Patients are becoming increasingly involved in their own care and diagnosis, along with their doctors. This allows greater potential for doctors to personalize patient care and to observe patients in real-time to improve outcomes and adherence. Attendees said that in order to determine the most appropriate treatment for patients, providers need to be able to analyze in rapid form. The current regulatory system contains administrative and procedural hurdles that call for more evidence and increased scientific validity. In order to keep up with the current transformation, we need to reexamine the burden of proof with respect to evidence, as well as approaches to clinical practice and innovation to ensure that treatments can become more patient-centric.

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(Left to right) Paul Sheives, Director, Diagnostics and Personalized Medicine Policy, Biotechnology Industry Organization; Robert Wright, Chief Editor, Life Science Leader Magazine; Sheila Walcoff, Chief Executive Officer and Founder, Goldbug Strategies, LLC

While seeking a common definition for personalized medicine, some participants talked about it as a goal, others as an art or a tool; some defined it as precision medicine, and others thought the definition was unimportant. All participants agreed that the system must shift in terms of regulation, though some called for a fundamental redesign, while others asked simply for incremental changes. One participant added that no matter what we call it, we are all united in our collective goal to provide cures to patients in a world of transformation.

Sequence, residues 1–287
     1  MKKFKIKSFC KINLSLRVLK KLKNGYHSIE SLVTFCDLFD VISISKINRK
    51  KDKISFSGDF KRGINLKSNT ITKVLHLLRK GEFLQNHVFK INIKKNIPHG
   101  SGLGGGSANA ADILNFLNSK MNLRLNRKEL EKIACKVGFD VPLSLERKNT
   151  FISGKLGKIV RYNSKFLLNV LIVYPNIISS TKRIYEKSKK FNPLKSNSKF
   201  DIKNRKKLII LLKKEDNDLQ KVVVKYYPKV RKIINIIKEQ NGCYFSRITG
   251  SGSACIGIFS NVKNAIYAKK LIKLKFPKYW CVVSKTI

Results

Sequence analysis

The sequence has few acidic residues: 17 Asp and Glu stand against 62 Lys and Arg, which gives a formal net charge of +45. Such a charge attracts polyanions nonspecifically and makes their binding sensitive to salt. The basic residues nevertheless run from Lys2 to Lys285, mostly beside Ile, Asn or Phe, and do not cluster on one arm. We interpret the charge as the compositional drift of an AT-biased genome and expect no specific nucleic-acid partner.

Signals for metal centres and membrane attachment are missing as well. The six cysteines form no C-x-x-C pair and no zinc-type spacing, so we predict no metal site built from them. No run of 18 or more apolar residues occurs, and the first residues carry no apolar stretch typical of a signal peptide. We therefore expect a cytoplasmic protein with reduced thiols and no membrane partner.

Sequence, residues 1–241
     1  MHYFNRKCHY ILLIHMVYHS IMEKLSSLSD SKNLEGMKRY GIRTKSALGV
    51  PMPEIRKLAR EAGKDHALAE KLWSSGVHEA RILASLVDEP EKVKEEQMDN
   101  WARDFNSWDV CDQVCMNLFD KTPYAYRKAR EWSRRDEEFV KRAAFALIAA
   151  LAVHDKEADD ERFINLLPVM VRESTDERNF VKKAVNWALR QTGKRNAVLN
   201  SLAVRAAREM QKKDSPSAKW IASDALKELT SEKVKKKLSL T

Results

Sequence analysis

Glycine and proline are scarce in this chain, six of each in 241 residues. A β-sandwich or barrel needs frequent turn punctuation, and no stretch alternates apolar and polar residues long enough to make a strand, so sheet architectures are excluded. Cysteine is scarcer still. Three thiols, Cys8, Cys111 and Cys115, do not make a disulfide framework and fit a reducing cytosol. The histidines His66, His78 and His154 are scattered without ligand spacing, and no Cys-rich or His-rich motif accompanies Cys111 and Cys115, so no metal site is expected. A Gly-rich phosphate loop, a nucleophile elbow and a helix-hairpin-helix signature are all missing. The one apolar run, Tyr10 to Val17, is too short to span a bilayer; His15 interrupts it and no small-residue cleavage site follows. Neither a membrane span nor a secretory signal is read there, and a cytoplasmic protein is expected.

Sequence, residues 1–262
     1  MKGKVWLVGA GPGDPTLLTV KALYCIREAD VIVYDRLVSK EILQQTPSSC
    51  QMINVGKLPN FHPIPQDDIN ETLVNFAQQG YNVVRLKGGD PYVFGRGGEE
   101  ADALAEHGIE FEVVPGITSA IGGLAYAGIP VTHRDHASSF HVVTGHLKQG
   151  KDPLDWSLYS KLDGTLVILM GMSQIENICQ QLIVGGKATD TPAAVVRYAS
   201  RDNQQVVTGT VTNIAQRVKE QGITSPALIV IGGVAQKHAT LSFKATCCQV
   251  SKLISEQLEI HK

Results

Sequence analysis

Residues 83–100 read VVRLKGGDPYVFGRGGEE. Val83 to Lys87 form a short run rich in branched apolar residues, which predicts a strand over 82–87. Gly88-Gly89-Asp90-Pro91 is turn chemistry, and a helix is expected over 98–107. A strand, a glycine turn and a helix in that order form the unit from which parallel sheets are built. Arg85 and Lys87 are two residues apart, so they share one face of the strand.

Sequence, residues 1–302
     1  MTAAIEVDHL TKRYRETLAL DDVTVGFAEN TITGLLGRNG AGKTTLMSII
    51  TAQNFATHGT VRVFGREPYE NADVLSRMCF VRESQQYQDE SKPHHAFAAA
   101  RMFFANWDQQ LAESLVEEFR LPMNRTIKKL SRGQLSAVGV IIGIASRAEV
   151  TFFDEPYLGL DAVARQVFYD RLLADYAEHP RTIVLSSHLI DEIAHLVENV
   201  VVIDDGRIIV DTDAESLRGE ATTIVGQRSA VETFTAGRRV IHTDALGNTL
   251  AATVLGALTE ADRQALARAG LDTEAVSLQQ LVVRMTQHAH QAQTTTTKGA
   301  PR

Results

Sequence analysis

The dinner was part of a series of events coordinated by National Journal LIVE, a premier events business that convenes top leaders in the Washington, D.C. area to discuss possible solutions to the country’s biggest challenges.

AZ Announces TEDMED2014 Sponsorship

A healthier world does not come from medicine alone. Through innovative discoveries, new approaches to medicine and health, and thought-provoking dialogue with the brightest minds across a wide variety of sectors, we are able to make a consequential difference to the healthcare community as a whole. Sustaining this forward-thinking approach affects the lives of all populations in the healthcare ecosystem, from patients and caregivers to scientists, physicians, and the broader health system. This is why AstraZeneca is supporting TEDMED2014 as a Corporate Innovation Patron.

TEDMED1This year’s conference focuses on nine themes aimed at unlocking the imagination, many of which align with AstraZeneca’s vision and values. One of TEDMED’s themes, “Flat Out Amazing,” for example, explores the liberation that happens when we recognize the limits of our knowledge – those transformational moments when we realize that the more we know, the more we realize how little we know. Speakers will include Diana Nyad, who swam 110-miles from Havana to Key West at age 64, and Elizabeth Holmes, the founder of the revolutionary blood diagnostics company Theranos.

Other relevant TEDMED topics are “Stealing Smart,” demonstrating how some of the best solutions to problems in health and medicine can come from other worlds than the domain where the problem originated, or the controversial issues in health and medicine that many people are reluctant to discuss publicly that will be tackled in “Don’t You Dare Talk About This.”